can guess, a combination
                                 of these two lenses
Refracting telescopes (or
                                 makes things seem
refractors) use lenses to
                                 bigger and clearer.
gather and bend light making
things seem larger.
    What happens when you look
      through the telescope?
• Imagine we are still outside looking at Venus
  with a refracting telescope. An objective, or
  large, lens collects light from Venus and sends
  it to a smaller, eyepiece lens at the back of the
  telescope tube. The eyepiece magnifies the
  little image of Venus and directs it at your eye.
  Wow, can you see the yellow-white disk? Now
  that's some planet!
              Reflecting Telescope
                                         • Our reflecting telescope
                                           uses mirrors to collect
                                           and magnify light.
                                           Remember that reflecting
                                           telescopes originally
                                           developed to solve the
                                           problem of color
                                           distortions caused by
                                           lenses bending light at
                                           different angles. The
Let's say we are still outside looking     reflecting telescope's
at Venus, but now we are using a           mirror reflects light
reflecting telescope (or reflector).       instead of bending it so
                                           there is no color
                                           distortion.
• With our reflecting telescope, light is
  collected by a big concave mirror. The
  mirror reflects light to a smaller flat mirror.
  This secondary mirror directs the light from
  Venus through the eyepiece lens at the
  side of the telescope. The eyepiece
  magnifies the image. Yep, when we look
  through the eyepiece,
• we can see Venus !
              Telescope Facts
• The largest optical telescope in the world is in Hawaii.
  It's the 10-meter W. M. Keck telescope. At 4300 meters,
  it sits on top of Mount Mauna Kea, an extinct volcano.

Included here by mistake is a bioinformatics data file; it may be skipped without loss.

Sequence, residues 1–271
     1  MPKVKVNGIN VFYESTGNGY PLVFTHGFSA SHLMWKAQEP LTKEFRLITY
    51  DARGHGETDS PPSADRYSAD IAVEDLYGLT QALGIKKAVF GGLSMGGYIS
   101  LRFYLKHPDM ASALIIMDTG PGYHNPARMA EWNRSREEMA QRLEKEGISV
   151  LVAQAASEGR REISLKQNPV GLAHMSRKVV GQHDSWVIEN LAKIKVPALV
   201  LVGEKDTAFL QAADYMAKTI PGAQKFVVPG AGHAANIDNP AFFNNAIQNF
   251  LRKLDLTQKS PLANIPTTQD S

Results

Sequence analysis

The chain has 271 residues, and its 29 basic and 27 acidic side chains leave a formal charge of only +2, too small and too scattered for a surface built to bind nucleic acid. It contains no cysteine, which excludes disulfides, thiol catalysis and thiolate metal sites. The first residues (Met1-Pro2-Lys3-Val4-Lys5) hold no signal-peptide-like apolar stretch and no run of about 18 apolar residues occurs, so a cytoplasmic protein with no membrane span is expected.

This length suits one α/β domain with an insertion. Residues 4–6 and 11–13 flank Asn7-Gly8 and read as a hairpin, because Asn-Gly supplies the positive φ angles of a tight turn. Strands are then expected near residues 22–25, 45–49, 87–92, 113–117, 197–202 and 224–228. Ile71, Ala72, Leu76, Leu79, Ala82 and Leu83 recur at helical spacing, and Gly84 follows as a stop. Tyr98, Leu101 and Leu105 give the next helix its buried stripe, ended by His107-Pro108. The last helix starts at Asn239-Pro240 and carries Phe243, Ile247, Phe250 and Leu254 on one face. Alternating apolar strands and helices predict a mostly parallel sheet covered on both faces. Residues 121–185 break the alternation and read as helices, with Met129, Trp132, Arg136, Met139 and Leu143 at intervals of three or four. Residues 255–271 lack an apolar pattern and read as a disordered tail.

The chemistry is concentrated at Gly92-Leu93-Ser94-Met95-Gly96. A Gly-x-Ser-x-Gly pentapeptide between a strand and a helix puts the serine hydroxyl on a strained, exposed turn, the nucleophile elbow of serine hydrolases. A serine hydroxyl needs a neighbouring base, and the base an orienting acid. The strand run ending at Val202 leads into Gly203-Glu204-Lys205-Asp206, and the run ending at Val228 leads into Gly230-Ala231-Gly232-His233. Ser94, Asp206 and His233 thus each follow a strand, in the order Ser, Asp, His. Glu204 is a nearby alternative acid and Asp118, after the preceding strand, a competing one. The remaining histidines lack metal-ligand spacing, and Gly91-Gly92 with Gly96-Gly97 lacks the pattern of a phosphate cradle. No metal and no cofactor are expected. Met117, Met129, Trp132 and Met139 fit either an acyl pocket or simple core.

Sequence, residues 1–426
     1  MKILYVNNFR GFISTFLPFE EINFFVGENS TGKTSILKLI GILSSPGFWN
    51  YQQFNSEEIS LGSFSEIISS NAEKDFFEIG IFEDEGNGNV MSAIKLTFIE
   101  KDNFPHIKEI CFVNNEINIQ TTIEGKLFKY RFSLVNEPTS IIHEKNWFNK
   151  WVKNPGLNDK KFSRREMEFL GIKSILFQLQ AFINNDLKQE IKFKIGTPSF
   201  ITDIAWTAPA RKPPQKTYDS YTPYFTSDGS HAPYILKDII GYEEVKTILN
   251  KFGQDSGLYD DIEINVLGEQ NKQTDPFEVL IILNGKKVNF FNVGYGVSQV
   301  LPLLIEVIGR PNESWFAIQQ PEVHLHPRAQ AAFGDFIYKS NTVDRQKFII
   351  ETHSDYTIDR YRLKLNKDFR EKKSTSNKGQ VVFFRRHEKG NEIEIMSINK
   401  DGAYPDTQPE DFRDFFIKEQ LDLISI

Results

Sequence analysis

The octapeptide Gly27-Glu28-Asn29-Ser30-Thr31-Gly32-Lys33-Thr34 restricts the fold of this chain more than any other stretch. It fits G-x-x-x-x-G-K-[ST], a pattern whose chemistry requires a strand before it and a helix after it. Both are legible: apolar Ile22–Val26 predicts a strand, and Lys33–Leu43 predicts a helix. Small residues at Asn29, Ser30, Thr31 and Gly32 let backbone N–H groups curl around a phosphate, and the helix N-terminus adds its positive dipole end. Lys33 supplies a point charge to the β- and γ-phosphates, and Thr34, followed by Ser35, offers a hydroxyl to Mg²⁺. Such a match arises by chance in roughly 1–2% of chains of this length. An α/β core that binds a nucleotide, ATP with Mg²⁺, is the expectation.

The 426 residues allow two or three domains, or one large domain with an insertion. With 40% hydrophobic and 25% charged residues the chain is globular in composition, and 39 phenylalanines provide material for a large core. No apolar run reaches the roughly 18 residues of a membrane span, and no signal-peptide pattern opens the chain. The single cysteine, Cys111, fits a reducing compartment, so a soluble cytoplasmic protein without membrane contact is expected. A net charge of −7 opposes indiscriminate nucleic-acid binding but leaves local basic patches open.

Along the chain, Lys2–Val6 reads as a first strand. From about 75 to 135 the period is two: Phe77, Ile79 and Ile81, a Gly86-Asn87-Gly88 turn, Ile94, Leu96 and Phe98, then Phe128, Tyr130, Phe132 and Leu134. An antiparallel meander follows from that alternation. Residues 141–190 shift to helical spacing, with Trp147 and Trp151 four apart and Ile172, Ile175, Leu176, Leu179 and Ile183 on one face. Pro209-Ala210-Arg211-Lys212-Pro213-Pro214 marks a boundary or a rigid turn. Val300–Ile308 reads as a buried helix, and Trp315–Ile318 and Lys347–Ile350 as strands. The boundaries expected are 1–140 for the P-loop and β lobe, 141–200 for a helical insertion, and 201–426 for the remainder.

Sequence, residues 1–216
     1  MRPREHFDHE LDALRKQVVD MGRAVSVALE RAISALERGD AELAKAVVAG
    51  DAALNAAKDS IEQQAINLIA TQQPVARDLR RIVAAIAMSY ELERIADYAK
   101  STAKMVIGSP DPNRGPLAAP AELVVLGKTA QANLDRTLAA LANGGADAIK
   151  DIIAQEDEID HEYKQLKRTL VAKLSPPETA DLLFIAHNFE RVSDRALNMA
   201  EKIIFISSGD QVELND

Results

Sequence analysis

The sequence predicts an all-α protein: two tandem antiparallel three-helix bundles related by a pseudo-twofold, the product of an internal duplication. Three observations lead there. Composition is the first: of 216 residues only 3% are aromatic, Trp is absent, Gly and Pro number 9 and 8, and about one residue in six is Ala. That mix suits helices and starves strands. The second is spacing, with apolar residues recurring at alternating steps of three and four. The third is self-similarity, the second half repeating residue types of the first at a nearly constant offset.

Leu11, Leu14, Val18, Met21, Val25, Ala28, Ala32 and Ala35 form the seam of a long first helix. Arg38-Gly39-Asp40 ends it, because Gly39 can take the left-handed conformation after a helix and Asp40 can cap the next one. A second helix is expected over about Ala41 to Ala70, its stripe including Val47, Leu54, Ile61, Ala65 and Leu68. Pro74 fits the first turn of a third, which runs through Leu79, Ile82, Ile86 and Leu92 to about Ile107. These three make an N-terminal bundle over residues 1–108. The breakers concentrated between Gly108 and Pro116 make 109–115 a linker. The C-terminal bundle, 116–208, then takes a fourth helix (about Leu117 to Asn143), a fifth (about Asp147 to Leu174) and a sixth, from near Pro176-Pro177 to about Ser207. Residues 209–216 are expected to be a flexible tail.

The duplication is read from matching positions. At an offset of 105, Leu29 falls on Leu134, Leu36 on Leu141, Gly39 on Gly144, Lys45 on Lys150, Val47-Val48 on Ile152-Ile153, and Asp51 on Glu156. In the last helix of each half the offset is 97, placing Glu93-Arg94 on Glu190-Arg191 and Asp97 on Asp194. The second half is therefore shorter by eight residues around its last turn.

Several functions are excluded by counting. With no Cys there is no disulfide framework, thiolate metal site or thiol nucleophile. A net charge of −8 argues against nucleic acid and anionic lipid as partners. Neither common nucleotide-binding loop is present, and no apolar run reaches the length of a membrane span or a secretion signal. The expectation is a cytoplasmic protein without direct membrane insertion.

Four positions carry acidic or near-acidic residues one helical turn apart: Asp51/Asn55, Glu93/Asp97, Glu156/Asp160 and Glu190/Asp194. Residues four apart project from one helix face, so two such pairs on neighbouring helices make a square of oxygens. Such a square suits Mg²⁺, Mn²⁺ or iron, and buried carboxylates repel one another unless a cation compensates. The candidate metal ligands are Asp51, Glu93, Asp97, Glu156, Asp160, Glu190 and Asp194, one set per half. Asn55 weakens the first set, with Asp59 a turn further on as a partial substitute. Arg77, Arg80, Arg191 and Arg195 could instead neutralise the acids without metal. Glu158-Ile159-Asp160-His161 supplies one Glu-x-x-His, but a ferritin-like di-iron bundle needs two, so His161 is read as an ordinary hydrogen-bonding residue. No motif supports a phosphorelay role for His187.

Radio telescopes use a large dish to collect radio
  waves from space. The dish is the same shape as the
  mirror of a reflecting telescope. Radio telescopes are a
  valuable tool for astronomers since many objects in the
  universe do not produce enough visible light to be picked
  up by optical telescopes. One of the world's most
  powerful radio telescopes is the Very Large Array (VLA)
  in New Mexico. The VLA is made up of 27 linked radio
  telescope dishes each 25 meters in diameter.
      The Importance of Light
• Most of what we know about the Universe
  comes from information that has been
  carried to us by light. But we have seen
  that visible light is only a small part of the
  electromagnetic spectrum. In recent years
  the remainder of the electromagnetic
  spectrum has revealed extensive
  information about our Universe.
• Radio waves have the longest wavelengths in the
  electromagnetic spectrum. These waves can be longer
  than a football field or as short as a football. Radio
  waves do more than just bring music to your radio. They
  also carry signals for your television and cellular phones.
Radio Telescopes
        • Detect radio signals
          emitted by distant
          objects. Some of the
          oldest, most distant
          objects in the solar
          system have been
          detected by radio
          telescopes.
        • Radio waves from those
          objects were emitted
          almost 15 billion years
          ago.
   How do we "see" using Radio
            Waves?
• Objects in space, such as planets and comets, giant
  clouds of gas and dust, and stars and galaxies, emit light
  at many different wavelengths. Some of the light they
  emit has very large wavelengths - sometimes as long as
  a mile!. These long waves are in the radio region of the
  electromagnetic spectrum.
• Because radio waves are larger than optical waves,
  radio telescopes work differently than telescopes that we
  use for visible > light (optical telescopes). Radio
  telescopes are dishes made out of conducting metal that